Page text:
Tuesday, February 02, 2010

My Tax Money at Work – Adult Education

I’ve been trying to learn some language here in Sweden. Take advantage of the educational system. Putting my tax kronor to work if you will.

With all the tax money the government pulls in, they offer a lot of opportunities for adult education. Or a high school education while an adult. Which is what I’m looking for when it comes to languages. So I signed up of course. I’ve already made my way through one course, but missed the opening introductory meeting. I just signed up for my second course.

This time, I decided to take a late lunch and disappear to my introductory meeting. It was a poor choice on my part. An enlightening choice, but a poor one none the less.

The meeting was open to everyone taking classes so it was a hodgepodge of different interests. It kicked off with an awkward introduction by the middle aged woman in front of us. Who later revealed to us she was a teacher. And the principal. My education is in good hands.

We eventually got into the grading of assignments. This is where it got interesting. Despite a move to the Bologna system and a standardized grading using the letter grading scale, adult education sticks with the Swedish system. G, VG, MVG, and lest we forget, IG. Godkänd, Väl Godkänd, Mycket Väl Godkänd, and Icke Godkänd. Essentially, pass, pass +, pass with distinction, and fail.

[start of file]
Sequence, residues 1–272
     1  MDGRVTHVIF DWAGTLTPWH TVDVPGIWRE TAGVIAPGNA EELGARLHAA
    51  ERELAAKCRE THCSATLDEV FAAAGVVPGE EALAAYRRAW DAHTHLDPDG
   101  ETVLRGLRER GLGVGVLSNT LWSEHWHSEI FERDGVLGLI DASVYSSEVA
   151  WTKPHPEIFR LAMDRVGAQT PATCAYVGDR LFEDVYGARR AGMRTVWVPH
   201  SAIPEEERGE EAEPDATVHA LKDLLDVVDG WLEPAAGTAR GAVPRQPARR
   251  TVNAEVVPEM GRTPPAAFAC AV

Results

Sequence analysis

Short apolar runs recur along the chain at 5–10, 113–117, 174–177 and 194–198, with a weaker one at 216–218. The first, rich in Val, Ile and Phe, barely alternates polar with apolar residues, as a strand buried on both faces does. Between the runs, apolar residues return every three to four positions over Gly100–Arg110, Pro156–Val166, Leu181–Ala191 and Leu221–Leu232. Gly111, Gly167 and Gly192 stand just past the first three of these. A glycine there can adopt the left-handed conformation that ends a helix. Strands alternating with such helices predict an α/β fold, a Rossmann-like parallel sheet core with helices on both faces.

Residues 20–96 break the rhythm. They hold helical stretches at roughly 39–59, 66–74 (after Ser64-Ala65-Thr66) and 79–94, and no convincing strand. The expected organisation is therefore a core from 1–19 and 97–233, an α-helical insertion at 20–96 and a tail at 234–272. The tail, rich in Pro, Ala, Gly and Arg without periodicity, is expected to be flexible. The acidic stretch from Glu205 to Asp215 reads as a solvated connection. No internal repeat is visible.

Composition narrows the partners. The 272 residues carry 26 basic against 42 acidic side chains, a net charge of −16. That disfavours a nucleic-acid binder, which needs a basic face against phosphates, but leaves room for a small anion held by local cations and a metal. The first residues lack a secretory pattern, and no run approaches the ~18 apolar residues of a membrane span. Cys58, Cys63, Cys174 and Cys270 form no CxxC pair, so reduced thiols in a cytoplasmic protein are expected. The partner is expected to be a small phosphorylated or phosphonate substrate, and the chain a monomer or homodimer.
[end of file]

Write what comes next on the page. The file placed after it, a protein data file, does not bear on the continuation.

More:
Pretty easy to follow, no questions there. It was how to earn the grades that I thought was interesting. Because it turns out you can re-do an assignment as many times as you want. Fail the assignment? Don’t worry; if you get an MVG on the sixth attempt, no one needs to know about the other five failures. Now my mind starts racing, probably because I am kind of competitive and have always pulled half-way decent grades.

I get the idea that people should actually learn the subject, that a grade doesn’t necessarily demonstrate learning. I understand that. Fine. So pass the person, but do not give that person the same grade as someone who managed to pass with an MVG on the first attempt. Note somewhere that it took six attempts. Or at least just give them a G and move them along. To suggest that taking as many attempts as you want to pass a class is indicative of mastery of a certain subject is frightening. I do not want a surgeon who needed six attempts to pass physiology.

There are moments when I struggle to fit into Swedish society. Luckily, there are also moments when I force myself to fit into Swedish society. I did not act on my immediate impulse to raise my hand and ask why.